Canadian journalist Amanda Lindhout and her photographer former beau were held captive in Somalia for over a year by Islamic militants and faced daily rape and sex abuse. When government intervention failed to save Lindhout, her family worked with a private hostage negotiator and paid about $500,000 to get her home.
Lindhout described her ordeal as "almost constant abuse," and said that she had a bit of an awakening during one of her innumerable rapes: "Abdujllah was abusing me, he was hurting me, and I was protecting myself and had an almost out-of-body experience," she explained. "I found myself looking down on myself on the floor. It's pretty clear my captors were products of war and certainly had been shaped by that. Having that understanding helped me. They're human beings with painful stories of their own. It doesn't make them innocent by any means, but they're products of a culture of violence."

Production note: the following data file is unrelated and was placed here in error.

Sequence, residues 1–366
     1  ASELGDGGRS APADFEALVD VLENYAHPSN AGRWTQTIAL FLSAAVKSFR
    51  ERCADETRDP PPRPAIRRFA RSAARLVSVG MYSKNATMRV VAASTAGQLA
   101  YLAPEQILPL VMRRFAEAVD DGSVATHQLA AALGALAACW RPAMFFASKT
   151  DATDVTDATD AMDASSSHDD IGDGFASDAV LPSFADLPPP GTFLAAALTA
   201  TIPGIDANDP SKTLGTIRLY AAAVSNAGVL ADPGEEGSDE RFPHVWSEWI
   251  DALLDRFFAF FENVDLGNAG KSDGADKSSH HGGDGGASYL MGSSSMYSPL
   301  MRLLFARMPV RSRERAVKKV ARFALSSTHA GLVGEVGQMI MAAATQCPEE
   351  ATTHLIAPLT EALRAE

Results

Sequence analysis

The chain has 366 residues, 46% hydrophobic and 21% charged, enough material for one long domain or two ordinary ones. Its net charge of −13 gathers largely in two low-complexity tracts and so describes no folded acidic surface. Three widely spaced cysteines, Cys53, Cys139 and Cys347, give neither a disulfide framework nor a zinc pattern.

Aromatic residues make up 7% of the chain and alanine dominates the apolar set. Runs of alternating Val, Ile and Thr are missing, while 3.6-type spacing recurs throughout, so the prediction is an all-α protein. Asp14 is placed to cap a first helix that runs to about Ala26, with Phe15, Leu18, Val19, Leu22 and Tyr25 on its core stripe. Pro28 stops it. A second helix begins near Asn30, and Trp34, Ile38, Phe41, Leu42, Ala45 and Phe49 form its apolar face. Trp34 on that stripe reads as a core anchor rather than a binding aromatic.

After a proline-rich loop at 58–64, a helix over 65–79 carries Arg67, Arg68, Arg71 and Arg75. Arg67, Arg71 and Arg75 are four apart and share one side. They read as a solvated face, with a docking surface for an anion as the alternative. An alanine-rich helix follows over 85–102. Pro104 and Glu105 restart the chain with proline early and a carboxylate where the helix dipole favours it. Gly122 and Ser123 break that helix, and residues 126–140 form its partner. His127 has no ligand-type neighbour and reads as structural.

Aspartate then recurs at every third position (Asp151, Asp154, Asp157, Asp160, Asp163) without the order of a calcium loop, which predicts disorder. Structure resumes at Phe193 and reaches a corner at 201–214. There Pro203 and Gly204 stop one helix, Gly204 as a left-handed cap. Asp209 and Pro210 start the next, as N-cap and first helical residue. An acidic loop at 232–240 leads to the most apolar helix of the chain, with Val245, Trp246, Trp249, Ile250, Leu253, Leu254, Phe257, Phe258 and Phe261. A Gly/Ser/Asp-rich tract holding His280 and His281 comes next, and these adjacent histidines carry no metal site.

As if that weren't horrifying enough of a story, Lindhout hasn't even completely escaped her captors, who subjected her to a slew of sexual abuse throughout her 460 days: One of them even contacted her on Facebook. One wrote to her praising her new work with the Global Enrichment Foundation, which provides higher education to women in Somalia.
"The fact that they know about the work I'm doing now … that I have chosen compassion, that they could see that they didn't break me — that's the best justice I could have."
Of course, another great justice to have is a movie deal with an Oscar-nominated starlet like Rooney Mara playing you. Here's hoping Mara learns to stretch those smile muscles, because otherwise the stoic, oft-scowling actress may find the positive-thinking Lindhout to be her most challenging role yet.